Friday, July 31, 2009

Road Problems..Simple Solution

I was watching Louis Otieno Live last week when they were in Mombasa talking about roads. The guests were the Mombasa Council town clerk (I forget his name), the roads assistant minister, Dr Machage, the Whitesands Hotel General Manager (I believe his name is Mohammed Hersi).

Truck drivers, truck owners and matatu drivers were also represented in the audience. As you'd expected, there was alot of back and forth about whose fault the poor road network is: Government blamed truckers (overloading) and truck drivers (agreeing to drive overloaded trucks), truckers blamed government (constructing poor roads), truck drivers blamed truck owners (threatening them with the sack if they refuse to drive overloaded vehicles) and government (cracking down on drivers who have no option but to drive trucks for fear of losing their jobs) etc etc.

The Whitesands GM, Mohammed Hersi then suggested something that made lots of sense to me:
Effecting a system of bans for vehicles that flout rules. Very simple and I think it would be very effective. It would work thus:
If a truck is found overloading or a matatu is found flouting rules, the vehicle is taken of the road for a given amount of time...say a week, two weeks, a month or whatever.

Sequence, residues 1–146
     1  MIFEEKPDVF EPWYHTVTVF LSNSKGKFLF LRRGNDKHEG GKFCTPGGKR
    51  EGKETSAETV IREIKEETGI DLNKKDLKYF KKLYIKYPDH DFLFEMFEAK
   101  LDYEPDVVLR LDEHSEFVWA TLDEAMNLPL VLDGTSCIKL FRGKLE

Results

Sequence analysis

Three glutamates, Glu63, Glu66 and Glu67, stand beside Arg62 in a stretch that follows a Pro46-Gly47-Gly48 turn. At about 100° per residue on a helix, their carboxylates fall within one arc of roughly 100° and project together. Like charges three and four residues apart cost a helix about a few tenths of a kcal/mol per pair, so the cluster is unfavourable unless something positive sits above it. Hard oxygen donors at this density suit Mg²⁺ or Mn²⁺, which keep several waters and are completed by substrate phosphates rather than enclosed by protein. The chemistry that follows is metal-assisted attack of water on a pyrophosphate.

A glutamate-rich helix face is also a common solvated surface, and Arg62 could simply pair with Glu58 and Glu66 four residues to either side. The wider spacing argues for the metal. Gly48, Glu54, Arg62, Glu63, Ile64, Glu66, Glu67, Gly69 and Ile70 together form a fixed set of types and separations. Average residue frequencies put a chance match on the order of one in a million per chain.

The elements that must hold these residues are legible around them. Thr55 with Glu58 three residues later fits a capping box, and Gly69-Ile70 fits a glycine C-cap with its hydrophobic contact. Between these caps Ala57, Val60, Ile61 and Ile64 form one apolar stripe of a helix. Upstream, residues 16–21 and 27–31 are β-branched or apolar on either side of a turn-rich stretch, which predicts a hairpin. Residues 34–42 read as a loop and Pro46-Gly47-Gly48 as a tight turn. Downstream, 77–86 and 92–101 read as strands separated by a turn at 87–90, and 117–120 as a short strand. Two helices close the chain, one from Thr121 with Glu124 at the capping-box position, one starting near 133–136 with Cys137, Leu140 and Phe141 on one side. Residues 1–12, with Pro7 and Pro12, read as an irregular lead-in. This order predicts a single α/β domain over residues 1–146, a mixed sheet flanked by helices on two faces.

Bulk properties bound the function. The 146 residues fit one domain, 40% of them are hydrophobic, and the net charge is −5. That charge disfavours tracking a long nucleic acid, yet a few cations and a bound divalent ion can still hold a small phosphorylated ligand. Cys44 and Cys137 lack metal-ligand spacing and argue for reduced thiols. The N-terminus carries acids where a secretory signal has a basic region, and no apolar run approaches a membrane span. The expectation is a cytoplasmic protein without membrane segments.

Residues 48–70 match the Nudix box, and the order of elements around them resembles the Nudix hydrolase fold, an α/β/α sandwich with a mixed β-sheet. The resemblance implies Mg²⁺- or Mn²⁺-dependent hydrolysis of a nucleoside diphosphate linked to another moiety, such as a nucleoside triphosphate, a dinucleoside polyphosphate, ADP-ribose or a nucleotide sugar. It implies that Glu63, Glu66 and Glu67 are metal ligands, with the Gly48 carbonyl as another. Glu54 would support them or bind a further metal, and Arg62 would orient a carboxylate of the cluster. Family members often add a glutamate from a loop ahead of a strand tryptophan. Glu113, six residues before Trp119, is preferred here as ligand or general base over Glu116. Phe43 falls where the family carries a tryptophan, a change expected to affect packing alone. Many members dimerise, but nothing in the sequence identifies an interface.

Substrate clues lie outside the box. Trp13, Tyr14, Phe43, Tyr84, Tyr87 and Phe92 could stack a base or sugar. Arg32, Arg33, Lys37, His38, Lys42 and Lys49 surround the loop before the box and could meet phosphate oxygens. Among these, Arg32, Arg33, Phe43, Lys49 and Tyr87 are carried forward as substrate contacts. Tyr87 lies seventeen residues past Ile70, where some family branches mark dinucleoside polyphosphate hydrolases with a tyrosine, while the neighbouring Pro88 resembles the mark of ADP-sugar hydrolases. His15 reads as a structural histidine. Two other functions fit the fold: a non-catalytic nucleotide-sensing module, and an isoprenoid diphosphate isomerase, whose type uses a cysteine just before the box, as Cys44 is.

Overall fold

His argument was that as soon as it becomes clear that vehicles caught flouting rules are going to suffer a significant loss of income, owners and drivers will take a more active interest in ensuring rules are followed. "Hit rulebreakers where it hurts..their pockets".

The more I think about it, the more I believe that we do need to take this sort of approach. It would shift some of the responsibility for ensuring comnpliance away from police and over to owners of vehicles and by extension, the people they employ to operate their vehicles.

For some reason, this idea appeals to me even more than heavy fines. It just seems simpler; easier to understand & easier to institute. I think the fact that this particular punishment requires no input from the vehicle owner makes it attractive. Whereas someone may lack the funds to pay a fine immediately, a ban is lost income.


  1. I think the solution is much easier than that. Sell your car and get into a matatu!

    The main problem is that Kenyan roads were not built for the amount of vehicles on them today. So many giant cars with only one person inside.

    If people could just change their attitude a bit and not having to show off their fancy cars every day the situation would improve a lot.

  2. I think your solution is one to the problem of congestion. That's another problem altogether; one that requires a more holistic solution than "just sell your car".

    We need a reliable, orderly, efficient public transport system first. Yes, status is a factor..but bigger than that is the fact that public transport at the moment sucks. Especially if you do not live right next to a main artery of the system.

  3. I vaguely recall hearing something about the Government considering one year bans for drivers who cause fatal accidents???? Or was that just someone's opinion? I really cant remember but that would be another idea to address the many unnecessary incidences of fatal bus accidents.

  4. City Girl,

    A one year ban for someone who causes a fatal accident? That's like a one year sex ban for someone who rapes a woman.

    If you cause a fatality through dangerous driving, nothing short of a stint in jail should be considered.

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